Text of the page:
The TPS Domain. To pinpoint the structural determinants of the TPS domain, the Fha30 structure was analyzed in the light of sequence similarities observed between Fha30 and the other TpsA proteins, including the hemolysins/cytolysins ShlA of Serratia marcescens, HpmA of Proteus mirabilis, EthA of Edwardsiella tarda, HhdA of Haemophilus ducreyi, the large supernatant proteins LspA1 and LspA2 of H. ducreyi, and the HecA adhesin of E. chrysanthemi (Fig. 5). This sequence comparison revealed that TpsA proteins display two conserved regions, C1 and C2, and two less-conserved regions, LC1 and LC2 (Figs. (Figs.55 and and6).6). C1 contains residues 20–127 of Fha30, encompassing the structural elements from β3 to β15. This region corresponds to the first three β-helix coils and the β7/β8 hairpin (Fig. 6). C2 extends from residue 216 to residue 245 and corresponds to a β-helix coil made up of β26 to β28 and β29. The first 19 N-terminal residues of Fha30 determine the less-conserved zone LC1 that participates in β-helix capping, including β1 and β2.

Fig. 5.
Sequence alignment of representative TpsA proteins. Secondary structure elements observed in the Fha30 structure are indicated. The conserved residues are boxed in black (cut off at 60% conservation), and the homologous residues are boxed in gray. The ...
Fig. 6.
Ribbon view of Fha30 illustrating the LC1, C1, LC2, and C2 regions of the TPS domain. The R1 repeats that belong to the central right-handed β-helix domain of the full-length adhesin are also shown.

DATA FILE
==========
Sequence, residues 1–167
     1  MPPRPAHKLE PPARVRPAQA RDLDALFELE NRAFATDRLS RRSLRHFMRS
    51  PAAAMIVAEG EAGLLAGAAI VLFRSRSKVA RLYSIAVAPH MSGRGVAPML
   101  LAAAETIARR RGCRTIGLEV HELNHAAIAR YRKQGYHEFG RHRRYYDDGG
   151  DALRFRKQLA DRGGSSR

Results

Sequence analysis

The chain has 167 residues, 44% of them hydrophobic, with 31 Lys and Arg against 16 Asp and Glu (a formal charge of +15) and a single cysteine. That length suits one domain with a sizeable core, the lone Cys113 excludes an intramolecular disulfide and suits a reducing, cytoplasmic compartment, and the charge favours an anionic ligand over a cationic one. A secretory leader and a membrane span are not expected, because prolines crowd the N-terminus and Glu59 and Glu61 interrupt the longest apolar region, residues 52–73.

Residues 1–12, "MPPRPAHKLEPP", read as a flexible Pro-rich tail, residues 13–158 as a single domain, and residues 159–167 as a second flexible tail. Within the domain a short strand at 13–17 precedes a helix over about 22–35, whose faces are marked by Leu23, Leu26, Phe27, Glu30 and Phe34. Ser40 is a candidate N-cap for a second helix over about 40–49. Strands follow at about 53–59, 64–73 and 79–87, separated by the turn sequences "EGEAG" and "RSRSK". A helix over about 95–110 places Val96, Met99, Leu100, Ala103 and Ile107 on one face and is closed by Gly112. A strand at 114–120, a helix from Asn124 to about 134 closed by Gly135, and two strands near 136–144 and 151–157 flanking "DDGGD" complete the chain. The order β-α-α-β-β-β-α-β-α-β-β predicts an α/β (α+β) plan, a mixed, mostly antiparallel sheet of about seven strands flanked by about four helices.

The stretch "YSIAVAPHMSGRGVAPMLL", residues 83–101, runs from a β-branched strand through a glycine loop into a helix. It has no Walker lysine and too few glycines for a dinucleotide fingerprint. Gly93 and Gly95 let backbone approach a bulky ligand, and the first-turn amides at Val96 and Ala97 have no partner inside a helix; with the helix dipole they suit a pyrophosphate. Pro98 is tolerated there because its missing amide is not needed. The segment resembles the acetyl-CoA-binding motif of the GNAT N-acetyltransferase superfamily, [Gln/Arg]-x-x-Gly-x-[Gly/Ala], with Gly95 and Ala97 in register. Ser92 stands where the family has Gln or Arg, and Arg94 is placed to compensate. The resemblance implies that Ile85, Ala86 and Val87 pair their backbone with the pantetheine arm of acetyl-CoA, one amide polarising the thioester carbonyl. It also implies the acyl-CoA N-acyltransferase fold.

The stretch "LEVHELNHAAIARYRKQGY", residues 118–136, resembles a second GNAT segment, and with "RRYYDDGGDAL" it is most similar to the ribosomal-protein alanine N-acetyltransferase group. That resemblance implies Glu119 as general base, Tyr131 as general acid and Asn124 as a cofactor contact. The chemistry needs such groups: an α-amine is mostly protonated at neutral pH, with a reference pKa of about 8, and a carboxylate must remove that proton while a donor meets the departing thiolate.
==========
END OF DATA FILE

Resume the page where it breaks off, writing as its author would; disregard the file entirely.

C1 and C2 are separated by LC2. The size of LC2 varies between 70 and 95 residues in the different TpsA proteins. In Fha30, this region corresponds to two β-helix coils (β18–β23) and the β16/β25 β-sheet. The two coils in LC2 complement the β-helical structure between C1 and C2 (Figs. (Figs.22 and and6),6), with a rather conserved sequence stretch corresponding in Fha30 to β20 (Fig. 5), whereas the β-sheet forms an extra-β-helix motif. Divergence in LC2 between TpsA proteins may reflect some of their functional specificities.

Residues 1–130 of Fha30 have been reported in the Pfam Protein Families Database under the codename PF05860 as a potential hemagglutination domain. However, we have no evidence that Fha30 expresses hemagglutination activity (24), and the present analyses indicate that the conservation of this TPS domain extends further. C-terminal deletions of ShlA (5), HpmA (25), and FHA (F.J.-D., unpublished data) have indicated that the minimal region needed for secretion includes at least LC1, C1, LC2, and C2. We thus propose to redefine the region composed of LC1, C1, LC2, and C2 as the secretion domain of FHA, which includes several coils of a right-handed β-helix structure with an N-terminal capping, a β-hairpin, and an extra-β-helix motif. Residues 1–245 of FHA thus define the representative scaffold for the TPS domain of TpsA proteins.